What makes Wednesday’s strike even more threatening to Europe’s managerial elite is the strong support it is receiving from traditional labor groups that rarely send their members into the streets—foremost, among them, the European Trade Union Confederation, representing 85 labor organizations from 36 countries, and totaling some 60 million members. “We have never seen an international strike with unions across borders fighting for the same thing—it’s not just Spain, not just Portugal, it’s many countries demanding that we change our structure,” says Alberto Garzón, a Spanish congressman with the United Left party which holds 7% of seats in the Spanish Congress. “It’s important to understand this is a new form of protest.”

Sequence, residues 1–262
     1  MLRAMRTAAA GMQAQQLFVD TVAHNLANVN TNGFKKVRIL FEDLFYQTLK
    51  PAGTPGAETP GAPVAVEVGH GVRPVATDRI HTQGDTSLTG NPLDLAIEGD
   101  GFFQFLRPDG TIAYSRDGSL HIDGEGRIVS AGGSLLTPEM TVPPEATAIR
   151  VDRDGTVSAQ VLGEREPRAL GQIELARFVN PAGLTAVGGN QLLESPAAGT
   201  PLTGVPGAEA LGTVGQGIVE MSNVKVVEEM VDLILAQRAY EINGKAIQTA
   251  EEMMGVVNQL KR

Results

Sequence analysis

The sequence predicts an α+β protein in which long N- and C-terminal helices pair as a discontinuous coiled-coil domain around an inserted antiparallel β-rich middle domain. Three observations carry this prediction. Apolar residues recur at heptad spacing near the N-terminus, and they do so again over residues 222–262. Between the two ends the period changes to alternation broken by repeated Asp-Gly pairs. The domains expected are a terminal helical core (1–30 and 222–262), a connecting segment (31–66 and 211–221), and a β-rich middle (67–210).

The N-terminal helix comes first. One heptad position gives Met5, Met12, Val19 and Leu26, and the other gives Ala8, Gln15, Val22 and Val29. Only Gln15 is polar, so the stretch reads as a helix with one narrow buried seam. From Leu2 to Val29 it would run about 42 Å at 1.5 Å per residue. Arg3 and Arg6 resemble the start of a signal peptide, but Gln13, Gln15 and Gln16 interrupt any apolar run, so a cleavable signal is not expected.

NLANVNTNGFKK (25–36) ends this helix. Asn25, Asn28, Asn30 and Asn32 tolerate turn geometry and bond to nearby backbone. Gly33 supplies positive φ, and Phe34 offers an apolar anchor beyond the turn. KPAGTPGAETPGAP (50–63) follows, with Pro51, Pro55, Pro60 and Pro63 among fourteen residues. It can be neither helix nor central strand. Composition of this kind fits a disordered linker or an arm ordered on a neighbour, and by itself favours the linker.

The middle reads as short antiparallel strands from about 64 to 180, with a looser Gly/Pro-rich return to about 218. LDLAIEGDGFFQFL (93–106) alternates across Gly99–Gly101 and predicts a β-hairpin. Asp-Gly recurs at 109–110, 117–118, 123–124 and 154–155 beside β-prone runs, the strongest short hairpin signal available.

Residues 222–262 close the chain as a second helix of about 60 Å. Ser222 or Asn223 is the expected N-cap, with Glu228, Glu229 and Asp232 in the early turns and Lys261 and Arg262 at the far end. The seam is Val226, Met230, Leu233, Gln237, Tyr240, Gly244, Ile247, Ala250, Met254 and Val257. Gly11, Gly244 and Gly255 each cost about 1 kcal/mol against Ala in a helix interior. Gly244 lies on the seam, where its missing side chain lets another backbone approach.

There will be solidarity marches elsewhere. Though not formally striking, France’s largest labor groups signaled support with dozens of demonstrations planned nationwide. Rail workers in Belgium are striking; so are labor groups in Malta and Cyprus. In Britain, organizer Andrew Burgin of the Coalition of Resistance said marches and demonstrations there would “forge links across Europe, showing Britain’s austerity struggles as part of a pan-European, international movement.” And from Germany and Switzerland to Turkey, eastern Europe and Scandinavia, workers and many organizations have promised to rally around the single message: No to austerity.